Fish and Chocolate

In Cuisine this week we’re focusing on fish, and in Pastry we’re working with chocolate.

We start by filleting sea bass for a dish with a red wine Bourguignonne sauce typically reserved for meat dishes. Thanks to my practice filleting mackerel chez Susan Loomis, I carve out an almost perfect fillet; no need for fish-boning tweezers here. The remains (head, bones, tail) go into a big pot for stock. But first, Chef tells me I need to remove the fish’s eyes. I confirm, “Oui Chef, avec un couteau à éplucher?” With a paring knife? Chef stares at me and says “Non, avec tes mains.” No, with your hands. He tells me to squeeze the head until the eyes pop out.

He’s not smiling, but I can’t imagine he’s serious. We look at each other; he’s not leaving until I start squeezing. But when I do, nothing happens; this fish still has two eyes. Chef motions for me to push in the left eye so it will pop out the right. I push so hard, my index finger liquefies the cornea. Finally the right eye pops, bugging like a cartoon, the left quickly follows, and staring up at me from the palm of my hand are two glassy fish eyes.

We plate the fish with the Bourguignonne sauce, and a turnip that’s been baked inside a crusty salt dough. Our other fish dishes for the week include milk-poached skate with beurre blanc, leeks, and deep fried capers, salmon with crispy skin, braised endive, and orange glazed carrots, and a red mullet stuffed with sauce vierge, or virgin sauce (olive oil, lime juice, and chopped tomato).

Each dish must be aesthetically plated, but also served piping hot. Easier said than done. But at the end of the week, after four fish entrées, a cracked salt dough, and toppled orange-glazed carrots, I’m ready for Chef’s evaluation. C’est bon! It’s good! It’s good! I forgot to snip the ends off the mullet’s tail, but otherwise Chef is pleased with my fish dishes, and I have a newfound patience for restaurant entrées that come out of the kitchen lukewarm, but look like works of art.

Our chocolate lesson in Pastry is a welcome departure from fish guts and eyeballs. The trickiest part of working with chocolate is that it has to stay a certain temperature; otherwise it can be dull, show white blotches, or have a spongy texture. But perfectly tempered chocolate is shiny, firm to the touch, and breaks with a sharp snap.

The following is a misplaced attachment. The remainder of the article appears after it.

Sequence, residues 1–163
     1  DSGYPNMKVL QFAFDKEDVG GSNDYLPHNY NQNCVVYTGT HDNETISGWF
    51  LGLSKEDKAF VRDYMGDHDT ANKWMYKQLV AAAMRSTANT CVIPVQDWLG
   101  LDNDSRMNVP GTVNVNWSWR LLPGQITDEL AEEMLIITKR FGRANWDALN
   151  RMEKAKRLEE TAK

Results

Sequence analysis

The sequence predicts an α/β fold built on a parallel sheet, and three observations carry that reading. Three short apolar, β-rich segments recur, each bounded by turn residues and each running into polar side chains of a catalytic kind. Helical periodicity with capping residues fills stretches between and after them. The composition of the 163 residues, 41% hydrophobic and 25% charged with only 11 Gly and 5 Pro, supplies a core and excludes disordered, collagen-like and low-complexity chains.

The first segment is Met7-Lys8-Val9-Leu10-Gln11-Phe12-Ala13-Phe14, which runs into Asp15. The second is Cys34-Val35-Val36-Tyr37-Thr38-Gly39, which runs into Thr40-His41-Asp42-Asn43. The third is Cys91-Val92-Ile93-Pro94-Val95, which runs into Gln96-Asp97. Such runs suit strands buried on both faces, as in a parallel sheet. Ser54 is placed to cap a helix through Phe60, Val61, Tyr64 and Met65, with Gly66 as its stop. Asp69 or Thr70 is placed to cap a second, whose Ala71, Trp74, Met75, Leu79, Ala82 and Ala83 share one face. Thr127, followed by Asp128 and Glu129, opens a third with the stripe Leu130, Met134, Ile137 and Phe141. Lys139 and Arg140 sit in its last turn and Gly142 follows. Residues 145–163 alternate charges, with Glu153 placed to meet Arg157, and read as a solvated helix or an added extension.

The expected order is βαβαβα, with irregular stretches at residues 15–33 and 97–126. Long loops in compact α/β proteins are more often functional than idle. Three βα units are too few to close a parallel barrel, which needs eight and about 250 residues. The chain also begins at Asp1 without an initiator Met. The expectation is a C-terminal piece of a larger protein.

It’s a bit nerve-racking to pour a full bowl of warm chocolate all over our table because it oozes dangerously close to the the edges; but my partner and I quickly scrape it back toward the center with a pallet knife. Then we spread the chocolate over the table again and scrape it back toward the middle, repeating a few times until we’ve lowered its temperature.

By now, most of us have at least one chocolate battle-scar smeared across our white jackets, and it’s only going to get worse as the week progresses. On the menu: milk chocolate medallions with chopped fruit and nuts, pineapple-passion-fruit truffles, pistachio nougat, and praline truffles.

Chocolate, pineapple, and passion fruit are a few of my favorite things, and I don’t have to wait for the dog to bite or the bee to sting, to enjoy them in harmony. After our chocolate is tempered and we have scraped the table clean, we emulsify the chocolate with cream and sugar to make a ganache, mix in pineapple concentrate and passion fruit liquor, and pipe the mixture into pre-made dark chocolate truffle shells.

I’m not sure if we’re cheating using these pre-made shells, but I also can’t figure out how we’d actually make them, so I’m content just learning the chocolatier’s trick of stuffing the shell. After the truffles are filled, they get a luxurious bath in more chocolate, a moment to cool, a second chocolate enrobing, then a light dusting of coconut. These truffles are ta-die-for and will make a fabulous dessert after I finish eating the fish.